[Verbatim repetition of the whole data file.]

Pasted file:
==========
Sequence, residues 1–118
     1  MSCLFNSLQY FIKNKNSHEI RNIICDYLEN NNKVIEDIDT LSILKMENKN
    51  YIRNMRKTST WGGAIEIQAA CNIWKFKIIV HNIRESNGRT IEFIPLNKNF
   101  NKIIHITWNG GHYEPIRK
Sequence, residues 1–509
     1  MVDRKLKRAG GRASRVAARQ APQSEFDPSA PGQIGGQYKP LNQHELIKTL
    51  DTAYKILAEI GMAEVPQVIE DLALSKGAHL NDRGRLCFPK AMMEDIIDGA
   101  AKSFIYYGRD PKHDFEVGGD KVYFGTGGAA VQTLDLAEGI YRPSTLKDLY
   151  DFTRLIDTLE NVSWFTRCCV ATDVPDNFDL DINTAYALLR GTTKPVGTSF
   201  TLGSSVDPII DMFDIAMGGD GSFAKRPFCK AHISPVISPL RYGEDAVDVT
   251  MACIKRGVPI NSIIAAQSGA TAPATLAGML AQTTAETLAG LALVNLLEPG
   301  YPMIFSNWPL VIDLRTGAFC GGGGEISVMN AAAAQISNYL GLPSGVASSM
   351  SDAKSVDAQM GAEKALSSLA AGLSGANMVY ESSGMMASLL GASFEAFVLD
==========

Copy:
Sequence, residues 1–118
     1  MSCLFNSLQY FIKNKNSHEI RNIICDYLEN NNKVIEDIDT LSILKMENKN
    51  YIRNMRKTST WGGAIEIQAA CNIWKFKIIV HNIRESNGRT IEFIPLNKNF
   101  NKIIHITWNG GHYEPIRK
Sequence, residues 1–509
     1  MVDRKLKRAG GRASRVAARQ APQSEFDPSA PGQIGGQYKP LNQHELIKTL
    51  DTAYKILAEI GMAEVPQVIE DLALSKGAHL NDRGRLCFPK AMMEDIIDGA
   101  AKSFIYYGRD PKHDFEVGGD KVYFGTGGAA VQTLDLAEGI YRPSTLKDLY
   151  DFTRLIDTLE NVSWFTRCCV ATDVPDNFDL DINTAYALLR GTTKPVGTSF
   201  TLGSSVDPII DMFDIAMGGD GSFAKRPFCK AHISPVISPL RYGEDAVDVT
   251  MACIKRGVPI NSIIAAQSGA TAPATLAGML AQTTAETLAG LALVNLLEPG
   301  YPMIFSNWPL VIDLRTGAFC GGGGEISVMN AAAAQISNYL GLPSGVASSM
   351  SDAKSVDAQM GAEKALSSLA AGLSGANMVY ESSGMMASLL GASFEAFVLD